Extraction Chiller – What You Need to Know

Extraction Chiller - what you need to know

As more and more states legalize marijuana processing the number of processing facilities continues to grow as well because of the high profitability of the final product.  However, getting to that final product, whether it be TCH or CBD, may be a result of trial and error.  It is through this process, that many learn of the importance of accurate temperature control during the extraction process and the need for an extraction chiller.

Extraction Chillers – What You Need to Know

An Extraction chiller is a critical piece of cannabis extraction and, in fact, CBD and THC, would be impossible without the accurate temperature control provided by a chiller that allows the chemical processes to occur.  In addition, selecting the right extraction chiller ensures high efficiency and prevents denaturing and product damage.

Trying to figure the best chiller for your specific process can cause your mind to swirl.  Knowing you require a chiller is simple, determining the best chiller for your process can be another.

 

What is a Chiller?

In the simplest of explanations, a chiller is a pumping system that circulates either a water or water/glycol solution from the chiller to the process and thereby removes the heat.   The four cycles of a chiller are:

  • Evaporation– In order to chill the fluid, a refrigeration process must first take place.   The refrigeration process and lowers the temperature.  A liquid refrigerant flows over the evaporator tube bundle where evaporation occurs, and vapor appears.
  • Compression– Once vapor appears, the compressor, aka the heart of the chilling system, pulls the vapor from the evaporator and increases the pressure
  • Condensation–Leaving the compressor, the vapor reaches a condenser where the temperature is increased.  The refrigerant condenses in the condenser tubes and releases its internal heat to the air.
  • Expansion– The high-pressure liquid moves through the expansion valve and returns to the evaporator where the refrigerant pressure is reduced causing flash evaporation and auto-refrigeration of typically less than half of the liquid

 

Things to consider when selecting extraction chillers.

Air-Cooled or Water-Cooled Extraction Chillers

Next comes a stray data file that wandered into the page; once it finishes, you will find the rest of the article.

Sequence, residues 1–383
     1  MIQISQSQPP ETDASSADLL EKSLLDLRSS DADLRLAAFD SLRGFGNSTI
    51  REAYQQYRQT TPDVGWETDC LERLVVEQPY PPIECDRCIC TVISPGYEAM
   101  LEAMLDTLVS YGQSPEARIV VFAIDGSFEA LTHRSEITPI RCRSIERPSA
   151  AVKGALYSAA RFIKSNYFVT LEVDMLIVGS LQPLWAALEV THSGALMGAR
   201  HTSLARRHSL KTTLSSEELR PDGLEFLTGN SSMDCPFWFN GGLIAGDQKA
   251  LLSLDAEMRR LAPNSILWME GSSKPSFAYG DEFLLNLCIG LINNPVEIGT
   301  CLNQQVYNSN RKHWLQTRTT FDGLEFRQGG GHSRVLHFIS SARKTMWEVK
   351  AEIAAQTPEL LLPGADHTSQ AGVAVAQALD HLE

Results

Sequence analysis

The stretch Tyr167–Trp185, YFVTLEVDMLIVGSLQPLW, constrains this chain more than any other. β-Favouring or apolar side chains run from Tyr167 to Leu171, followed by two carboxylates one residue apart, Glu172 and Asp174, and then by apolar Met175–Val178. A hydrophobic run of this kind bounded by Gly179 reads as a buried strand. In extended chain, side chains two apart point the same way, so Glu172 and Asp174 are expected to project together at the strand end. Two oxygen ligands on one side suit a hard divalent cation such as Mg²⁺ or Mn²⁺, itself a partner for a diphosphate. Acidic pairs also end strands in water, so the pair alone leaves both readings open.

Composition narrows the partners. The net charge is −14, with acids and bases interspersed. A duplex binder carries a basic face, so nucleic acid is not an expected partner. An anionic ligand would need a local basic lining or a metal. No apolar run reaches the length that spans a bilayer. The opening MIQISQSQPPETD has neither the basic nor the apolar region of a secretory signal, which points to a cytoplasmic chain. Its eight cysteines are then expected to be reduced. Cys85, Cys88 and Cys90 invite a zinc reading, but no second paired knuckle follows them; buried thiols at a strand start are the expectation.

Which type of condenser is best for your process?  Is an air-cooled chiller, using a fan to remove heat, going to work for your process?  A water-cooled chiller typically is less expensive to operate and is greener, but it requires a cooling tower.  Depending on your plant situation, may help you determine whether an air-cooled or water-cooled chiller works best for your process.

Temperature

When selecting a chiller for your extraction process, it’s imperative you know the temperature range required.  Is 50°F ok for your process or do you require
-40°F or perhaps -80°F?

Dewaxing requires extremely cold temperatures, so it is imperative that the chiller you’re considering meets your temperature requirements while rotary evaporators require the temperature be as close to 0°C as possible.

Sizing Your Extraction Chiller

Proper sizing of an extraction chiller can be somewhat tricky.  You want to make sure your chiller is not undersized, because it will not provide the adequate cooling for your process while an oversized chiller will be inefficient. It’s best to check with your sales representative to confirm the sizing of your extraction chiller.

Heat Load Calculations for your Extraction Chiller

Determining the size of the compressor is determined by the combination of the heat load and coolant temperature.  Higher heat loads and/or lower set-point temperatures will result in compressors with larger power consumption.

Calculating the heat load for an existing process is relatively simple because you have the operating conditions of the existing chiller.

Determining the heat loads for a new chiller or chiller system is more challenging.  It’s best to consult your sales representative to determine the heat load.

Refrigerant Options – is Natural a possibility for your Extraction Chiller?

Environmental concerns have prompted the surge of natural refrigerants in chillers. Could your Extraction chillers use propane, ammonia, or CO2 as a refrigerant?  Our knowledgeable sales can explain the benefits, both environmentally and financially along with options available to you.

About Budzar Industries

Budzar Industries has been engineering, designing, and manufacturing chillers for nearly five decades. We’re experts in process temperature control.  If you have questions in determining the type or size of a chiller or chiller system, our team is ready to assist you.

Need information specific to your requirements? One of our sales managers can help you. It’s easy, contact our team today.

 

 

 

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